The centerpiece of the Christian faith is what we often referred to as “the gospel.” It’s a word that literally means “good news.” There has always been bad news. Most of the news we hear or read about today tends to range from bad to terrible and sometimes terrifying. What’s particularly challenging and depressing is how few viable options are being suggested for healing our societal malaise. Political pundits on both the right and the left repeatedly sound genuinely stumped. There are any number of diagnoses and analyses about what’s wrong, but hardly any viable cures. Really smart people keep sounding befuddled and bewildered. And that itself can be scary.
I’d be a fool to tell you that the only solution is for everyone to become a Christian. While the number of people who claim to be Christians in our nation has been plummeting for decades, there is still more than enough critical mass for people who espouse allegiance to Jesus to help turn things around. The problem is that Christians are part of the problem. The Christianity we’re offering and living tends to be compromised and toxic, a twisted version of the real thing. If I’m honest, I keep encountering non-Christians who have a better understanding of real Christianity than many Christians do.
Which doesn’t entirely surprise me. Jesus told his followers they were to be the salt of the earth and the light of the world, the assumption being that Christians and Christian communities would gradually influence how people think about things like poverty, wealth, sexuality, sexism, health care, governing, education, racism, human trafficking, and what it generally means to work for the common good. In other words, most of what Jesus said about life and relationships tends to make sense to most people over time.
But what a lot of Christians are talking about today doesn’t make sense. Our obsession with guns, for example, while claiming to be pro-life; our support for anti-immigration policies while claiming to love like Jesus; our bushwhacking discussions about how to best help the poor by raising the red herring of “socialism;” our resistance to our kids learning about America’s racial past even as we espouse a spiritual tradition that prioritizes truth and repentance; our abandoning truth-telling, character, compassion and respect for law as qualifications for political leadership; our willingness to jettison democracy for Christian nationalism; our choosing political expediency over the art of discourse and persuasion; our worship of Mammon disguised as the prosperity gospel; and our overblown reaction to the idea of two people who love each other and happen to be of the same gender making what is ultimately a Christian commitment to a lifelong, monogamous marital relationship.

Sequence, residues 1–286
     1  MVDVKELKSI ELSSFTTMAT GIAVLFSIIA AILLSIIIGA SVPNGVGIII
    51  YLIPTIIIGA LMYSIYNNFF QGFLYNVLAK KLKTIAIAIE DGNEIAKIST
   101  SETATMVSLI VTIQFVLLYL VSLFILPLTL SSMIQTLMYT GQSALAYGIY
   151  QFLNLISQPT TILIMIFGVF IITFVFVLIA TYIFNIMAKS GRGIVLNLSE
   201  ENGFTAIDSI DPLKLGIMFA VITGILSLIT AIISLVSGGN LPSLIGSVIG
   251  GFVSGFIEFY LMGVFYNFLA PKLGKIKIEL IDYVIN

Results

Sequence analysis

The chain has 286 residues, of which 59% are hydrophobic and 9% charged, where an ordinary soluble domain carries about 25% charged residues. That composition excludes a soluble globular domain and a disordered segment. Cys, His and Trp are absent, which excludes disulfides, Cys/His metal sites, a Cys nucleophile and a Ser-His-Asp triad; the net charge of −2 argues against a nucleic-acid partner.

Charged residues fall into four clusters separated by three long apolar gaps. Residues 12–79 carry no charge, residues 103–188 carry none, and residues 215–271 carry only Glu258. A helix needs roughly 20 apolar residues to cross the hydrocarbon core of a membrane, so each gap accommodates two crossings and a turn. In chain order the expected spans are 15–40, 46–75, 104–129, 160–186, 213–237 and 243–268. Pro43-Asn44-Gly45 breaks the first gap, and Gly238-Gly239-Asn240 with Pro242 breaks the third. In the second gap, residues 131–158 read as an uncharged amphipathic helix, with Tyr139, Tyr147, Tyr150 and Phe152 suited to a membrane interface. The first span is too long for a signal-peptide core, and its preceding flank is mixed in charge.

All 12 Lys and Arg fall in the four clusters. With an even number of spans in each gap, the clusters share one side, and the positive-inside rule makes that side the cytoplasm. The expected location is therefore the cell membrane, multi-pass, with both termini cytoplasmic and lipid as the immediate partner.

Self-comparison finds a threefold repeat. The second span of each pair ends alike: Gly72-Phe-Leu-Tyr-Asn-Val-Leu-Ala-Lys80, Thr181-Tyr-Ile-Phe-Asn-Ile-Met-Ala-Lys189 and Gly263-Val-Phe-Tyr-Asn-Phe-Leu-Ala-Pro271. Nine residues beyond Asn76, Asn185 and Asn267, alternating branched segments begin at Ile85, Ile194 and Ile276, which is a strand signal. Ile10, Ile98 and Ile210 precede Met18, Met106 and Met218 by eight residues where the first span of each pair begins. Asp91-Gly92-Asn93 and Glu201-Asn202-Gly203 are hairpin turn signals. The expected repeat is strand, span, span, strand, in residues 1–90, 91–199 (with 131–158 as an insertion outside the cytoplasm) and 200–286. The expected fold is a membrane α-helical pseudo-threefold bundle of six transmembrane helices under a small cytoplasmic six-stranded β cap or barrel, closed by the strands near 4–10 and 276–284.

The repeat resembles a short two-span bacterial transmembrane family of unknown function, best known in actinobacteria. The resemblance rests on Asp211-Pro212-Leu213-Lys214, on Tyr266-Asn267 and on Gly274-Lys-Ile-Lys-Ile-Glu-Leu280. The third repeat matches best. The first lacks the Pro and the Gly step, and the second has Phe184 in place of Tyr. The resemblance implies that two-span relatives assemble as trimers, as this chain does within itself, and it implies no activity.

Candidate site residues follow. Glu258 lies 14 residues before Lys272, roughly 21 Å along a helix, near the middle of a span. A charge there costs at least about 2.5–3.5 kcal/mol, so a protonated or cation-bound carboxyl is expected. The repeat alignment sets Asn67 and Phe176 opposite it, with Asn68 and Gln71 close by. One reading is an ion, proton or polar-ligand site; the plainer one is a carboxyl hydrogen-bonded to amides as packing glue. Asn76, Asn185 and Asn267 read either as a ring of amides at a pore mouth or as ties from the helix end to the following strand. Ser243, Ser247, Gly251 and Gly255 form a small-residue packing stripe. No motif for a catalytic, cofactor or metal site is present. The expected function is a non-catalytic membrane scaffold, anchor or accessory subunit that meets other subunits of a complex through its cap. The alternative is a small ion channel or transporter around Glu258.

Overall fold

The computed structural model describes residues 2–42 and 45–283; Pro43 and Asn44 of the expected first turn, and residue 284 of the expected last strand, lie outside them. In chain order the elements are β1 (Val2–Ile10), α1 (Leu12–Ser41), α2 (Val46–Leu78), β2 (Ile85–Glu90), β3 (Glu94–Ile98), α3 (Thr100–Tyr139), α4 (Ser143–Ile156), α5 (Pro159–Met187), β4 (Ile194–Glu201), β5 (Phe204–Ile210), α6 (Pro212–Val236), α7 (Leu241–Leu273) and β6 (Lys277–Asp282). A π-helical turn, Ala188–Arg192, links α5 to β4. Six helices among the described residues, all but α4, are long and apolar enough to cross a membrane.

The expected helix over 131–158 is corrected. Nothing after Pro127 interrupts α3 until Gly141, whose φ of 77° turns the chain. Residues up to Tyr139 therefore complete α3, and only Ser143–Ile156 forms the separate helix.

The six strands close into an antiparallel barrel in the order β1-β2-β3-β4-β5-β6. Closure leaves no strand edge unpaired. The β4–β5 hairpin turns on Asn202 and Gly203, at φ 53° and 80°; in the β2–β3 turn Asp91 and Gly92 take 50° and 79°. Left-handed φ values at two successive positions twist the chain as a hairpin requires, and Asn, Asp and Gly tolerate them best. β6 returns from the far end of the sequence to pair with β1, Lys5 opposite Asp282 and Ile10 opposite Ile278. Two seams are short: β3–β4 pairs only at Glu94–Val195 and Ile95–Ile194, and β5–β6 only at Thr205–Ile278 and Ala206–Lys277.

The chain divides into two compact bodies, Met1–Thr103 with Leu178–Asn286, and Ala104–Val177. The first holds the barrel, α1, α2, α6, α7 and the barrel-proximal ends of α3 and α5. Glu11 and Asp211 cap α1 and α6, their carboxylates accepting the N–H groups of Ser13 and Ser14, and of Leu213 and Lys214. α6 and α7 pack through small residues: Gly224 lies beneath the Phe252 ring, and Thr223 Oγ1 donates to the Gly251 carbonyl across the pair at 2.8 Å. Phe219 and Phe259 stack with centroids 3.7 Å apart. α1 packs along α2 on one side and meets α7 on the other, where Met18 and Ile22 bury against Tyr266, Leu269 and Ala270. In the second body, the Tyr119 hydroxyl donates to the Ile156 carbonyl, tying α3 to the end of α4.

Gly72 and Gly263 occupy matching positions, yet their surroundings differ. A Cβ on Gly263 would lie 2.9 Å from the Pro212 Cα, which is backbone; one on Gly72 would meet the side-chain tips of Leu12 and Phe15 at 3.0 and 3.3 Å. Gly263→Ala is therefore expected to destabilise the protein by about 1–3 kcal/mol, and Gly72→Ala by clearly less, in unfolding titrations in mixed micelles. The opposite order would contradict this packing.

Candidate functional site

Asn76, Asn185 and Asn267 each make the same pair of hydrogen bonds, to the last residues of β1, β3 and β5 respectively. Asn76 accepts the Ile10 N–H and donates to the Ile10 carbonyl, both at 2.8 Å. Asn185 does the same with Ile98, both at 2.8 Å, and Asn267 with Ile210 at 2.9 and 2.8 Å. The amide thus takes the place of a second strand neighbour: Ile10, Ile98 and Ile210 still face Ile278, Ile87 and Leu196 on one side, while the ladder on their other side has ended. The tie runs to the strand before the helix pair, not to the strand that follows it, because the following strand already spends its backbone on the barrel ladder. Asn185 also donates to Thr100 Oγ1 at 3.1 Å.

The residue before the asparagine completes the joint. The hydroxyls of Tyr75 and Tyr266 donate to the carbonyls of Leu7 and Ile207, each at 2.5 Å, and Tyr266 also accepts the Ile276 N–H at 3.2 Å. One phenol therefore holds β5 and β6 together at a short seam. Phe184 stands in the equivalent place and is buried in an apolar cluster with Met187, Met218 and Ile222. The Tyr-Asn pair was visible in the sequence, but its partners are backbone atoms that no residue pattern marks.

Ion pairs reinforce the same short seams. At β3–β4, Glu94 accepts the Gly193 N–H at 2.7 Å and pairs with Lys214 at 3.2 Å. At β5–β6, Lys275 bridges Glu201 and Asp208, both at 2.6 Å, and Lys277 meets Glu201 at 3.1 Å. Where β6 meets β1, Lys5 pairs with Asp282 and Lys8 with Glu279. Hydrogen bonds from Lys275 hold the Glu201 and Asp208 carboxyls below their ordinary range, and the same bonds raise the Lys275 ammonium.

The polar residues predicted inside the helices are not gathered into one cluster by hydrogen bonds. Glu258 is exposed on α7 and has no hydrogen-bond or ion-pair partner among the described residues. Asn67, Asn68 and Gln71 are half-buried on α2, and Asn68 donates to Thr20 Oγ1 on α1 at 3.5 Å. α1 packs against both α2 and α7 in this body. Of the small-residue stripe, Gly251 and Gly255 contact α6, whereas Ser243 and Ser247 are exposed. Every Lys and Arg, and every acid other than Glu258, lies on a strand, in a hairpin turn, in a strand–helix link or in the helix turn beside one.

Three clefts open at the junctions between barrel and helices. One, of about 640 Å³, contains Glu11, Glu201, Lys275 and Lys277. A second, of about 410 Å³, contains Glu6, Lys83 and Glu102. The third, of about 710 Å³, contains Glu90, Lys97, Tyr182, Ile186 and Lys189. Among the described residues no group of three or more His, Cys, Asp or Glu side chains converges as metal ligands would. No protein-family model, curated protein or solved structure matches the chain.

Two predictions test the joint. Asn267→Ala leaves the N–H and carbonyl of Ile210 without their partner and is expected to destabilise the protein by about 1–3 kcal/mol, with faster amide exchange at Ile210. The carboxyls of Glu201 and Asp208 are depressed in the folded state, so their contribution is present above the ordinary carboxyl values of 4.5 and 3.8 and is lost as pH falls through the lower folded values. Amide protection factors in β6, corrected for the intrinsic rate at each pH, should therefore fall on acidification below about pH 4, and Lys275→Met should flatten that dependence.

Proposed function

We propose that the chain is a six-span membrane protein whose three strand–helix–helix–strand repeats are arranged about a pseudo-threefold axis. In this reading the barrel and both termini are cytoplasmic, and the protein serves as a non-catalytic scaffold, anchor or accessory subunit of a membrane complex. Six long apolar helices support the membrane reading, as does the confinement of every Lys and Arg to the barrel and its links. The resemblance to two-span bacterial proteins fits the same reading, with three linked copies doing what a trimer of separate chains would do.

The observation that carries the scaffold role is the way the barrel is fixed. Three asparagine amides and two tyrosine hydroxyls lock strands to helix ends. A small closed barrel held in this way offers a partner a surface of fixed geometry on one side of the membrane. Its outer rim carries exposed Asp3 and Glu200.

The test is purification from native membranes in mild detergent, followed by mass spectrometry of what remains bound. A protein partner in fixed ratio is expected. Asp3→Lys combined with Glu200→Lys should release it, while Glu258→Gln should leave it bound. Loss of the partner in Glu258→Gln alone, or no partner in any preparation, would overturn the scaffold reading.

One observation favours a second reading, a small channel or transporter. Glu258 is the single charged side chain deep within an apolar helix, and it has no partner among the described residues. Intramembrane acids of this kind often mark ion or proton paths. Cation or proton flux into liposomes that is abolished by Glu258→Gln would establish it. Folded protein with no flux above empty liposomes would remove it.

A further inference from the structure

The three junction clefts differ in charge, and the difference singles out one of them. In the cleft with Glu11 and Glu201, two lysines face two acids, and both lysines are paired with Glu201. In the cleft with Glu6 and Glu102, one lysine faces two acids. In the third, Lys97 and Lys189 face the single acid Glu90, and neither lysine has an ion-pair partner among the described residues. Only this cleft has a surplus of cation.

I know I threw a lot into that paragraph. But here’s my point. The reason Jesus was crucified is because people who claimed to have a special relationship with God didn’t like his version of the gospel or good news. It was too soft on enemies and criminals, too lenient towards the poor, not punitive enough toward sinners, too welcoming of strangers and outsiders; it didn’t draw enough lines or have enough rules. The revolution Jesus talked about was both too slow and too hard. People wanted results now. Jesus’ gospel required the patient process of culture making rather than culture warring. He compared it to leaven working in a lump of dough. His followers would need to choose the power of love over the love of power.
Which brings me back to the gospel itself, the real gospel, the one Jesus taught and lived. I don’t claim to have this gospel completely figured out. Jesus himself talked around this gospel rather than defined it. He used parables rather than sound bites. What we can safely say is that Jesus’ gospel always had something to do with what he called the kingdom of God – which I understand to be God’s master plan to heal and restore all things, or what the apostle Paul calls New Creation. It’s a gospel that flows out of God’s love for this world rather than his hatred for it. It’s pro-world rather than anti-world.
I’m convinced that Jesus intended for our understanding of the gospel, given its comprehensiveness, to unfold gradually over time. This is a kingdom we’re talking about. That’s part of why this gospel is so intriguing and why the good news it announces so fresh and exciting. Its implications continually surprise us, as well as humble and catch us up short by challenging assumptions we hold dear.
How interesting that such a life-giving, world-loving gospel revolves around what Paul refers to as “Christ crucified.” Talk about counterintuitive. A crucified Messiah? A crucified God? The idea was as mysterious and preposterous in the first century as it is (or should be) for us today.